As any struggling borrower knows, compounding interest rates can be a heavy burden, making the ADR a central issue in the rate rebasing process.
Indeed, more than 90 percent of Maynilad’s unrecovered expenses of about P67 billion as of end-2012 actually represent “cost of money” or compounded interest, according to its own presentation in a public consultation last June.
Manila Water did not say how much of its P41-billion unrecovered expenses represent compounded interest, but it will likely be similar to Maynilad.
MWSS water regulators find the proposed discount rate of 8.99 percent too high, given that yields on long-term Philippine government bonds have plummeted, especially in the last five or six years as the country’s economic fundamentals have gotten better alongside falling U.S. interest rates.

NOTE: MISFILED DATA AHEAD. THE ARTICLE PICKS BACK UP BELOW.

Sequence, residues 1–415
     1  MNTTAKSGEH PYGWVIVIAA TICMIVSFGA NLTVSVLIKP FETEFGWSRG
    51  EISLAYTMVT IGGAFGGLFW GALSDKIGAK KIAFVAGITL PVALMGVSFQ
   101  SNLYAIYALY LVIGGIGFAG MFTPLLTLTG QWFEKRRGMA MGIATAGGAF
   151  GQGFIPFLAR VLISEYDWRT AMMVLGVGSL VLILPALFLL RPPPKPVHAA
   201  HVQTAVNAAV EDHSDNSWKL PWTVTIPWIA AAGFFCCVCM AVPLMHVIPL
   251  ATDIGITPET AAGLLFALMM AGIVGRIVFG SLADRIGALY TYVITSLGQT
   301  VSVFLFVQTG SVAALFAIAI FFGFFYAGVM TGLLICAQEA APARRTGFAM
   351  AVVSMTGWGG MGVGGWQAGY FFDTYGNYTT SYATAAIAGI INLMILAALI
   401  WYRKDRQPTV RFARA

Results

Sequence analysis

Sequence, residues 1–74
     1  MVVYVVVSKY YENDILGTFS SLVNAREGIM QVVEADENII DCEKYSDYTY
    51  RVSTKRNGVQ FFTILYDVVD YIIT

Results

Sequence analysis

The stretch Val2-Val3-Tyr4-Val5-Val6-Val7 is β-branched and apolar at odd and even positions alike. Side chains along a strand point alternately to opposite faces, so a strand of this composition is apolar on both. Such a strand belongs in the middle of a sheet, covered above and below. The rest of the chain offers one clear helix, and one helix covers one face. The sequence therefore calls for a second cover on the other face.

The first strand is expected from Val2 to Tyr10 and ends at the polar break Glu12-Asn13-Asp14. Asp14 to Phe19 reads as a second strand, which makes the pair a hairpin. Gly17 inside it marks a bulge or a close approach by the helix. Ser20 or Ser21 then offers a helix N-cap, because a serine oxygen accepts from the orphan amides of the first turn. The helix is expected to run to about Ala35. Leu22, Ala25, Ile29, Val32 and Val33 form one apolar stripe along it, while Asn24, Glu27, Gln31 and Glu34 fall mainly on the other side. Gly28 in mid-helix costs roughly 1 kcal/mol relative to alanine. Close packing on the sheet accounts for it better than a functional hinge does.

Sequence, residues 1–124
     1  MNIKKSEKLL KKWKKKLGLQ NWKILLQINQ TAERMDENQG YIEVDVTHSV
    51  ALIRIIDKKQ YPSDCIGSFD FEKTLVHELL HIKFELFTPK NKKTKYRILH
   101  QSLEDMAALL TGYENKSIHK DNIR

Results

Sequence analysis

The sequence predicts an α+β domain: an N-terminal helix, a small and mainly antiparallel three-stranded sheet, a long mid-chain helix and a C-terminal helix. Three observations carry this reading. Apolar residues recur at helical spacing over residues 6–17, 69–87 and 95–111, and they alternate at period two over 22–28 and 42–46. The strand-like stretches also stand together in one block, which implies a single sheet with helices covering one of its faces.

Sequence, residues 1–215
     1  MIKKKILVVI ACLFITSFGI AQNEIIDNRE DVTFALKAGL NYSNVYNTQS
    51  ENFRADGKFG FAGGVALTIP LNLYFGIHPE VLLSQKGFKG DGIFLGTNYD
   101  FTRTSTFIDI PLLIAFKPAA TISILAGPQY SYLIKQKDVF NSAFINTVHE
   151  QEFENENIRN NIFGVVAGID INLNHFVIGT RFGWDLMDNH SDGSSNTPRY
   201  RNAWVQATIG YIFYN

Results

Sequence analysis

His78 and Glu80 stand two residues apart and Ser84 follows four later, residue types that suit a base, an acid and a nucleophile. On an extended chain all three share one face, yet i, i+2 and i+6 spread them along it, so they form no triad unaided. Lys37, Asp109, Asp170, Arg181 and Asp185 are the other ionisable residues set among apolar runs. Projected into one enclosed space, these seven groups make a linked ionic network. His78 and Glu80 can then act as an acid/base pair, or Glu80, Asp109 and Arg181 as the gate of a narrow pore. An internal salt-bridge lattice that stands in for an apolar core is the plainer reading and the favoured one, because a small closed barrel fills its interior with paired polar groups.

The regulators are said to have initially set the ADR at 6.16 percent, according to people familiar with the discussions between the MWSS and water firms.
Neither the MWSS Regulatory Office nor the water companies would officially comment on their respective ADR estimates.
Emmanuel Caparas, the MWSS regulator chief, refused to comment on regulators’ ADR estimate, saying they are still in discussion with the water companies. He said though that the regulators think the ADR should drop sharply in line with lower yields on Philippine government bonds.
Maynilad Water’s chief financial officer Randolph Estrellado, meanwhile said the two water companies are constrained from disclosing any information on their ADR estimates by restrictions in their agreement with a common international consultant.
Interestingly, the slow decline in the proposed ADR today contrasts with its quick rise in the late 1990s and early 2000s when it almost doubled in the wake of the Asian financial crisis of 1997-1998. (See chart)
In plain terms, water rates increased faster in the early years of privatization as a result of big jumps in the ADR, because of higher interest rates and the peso’s decline.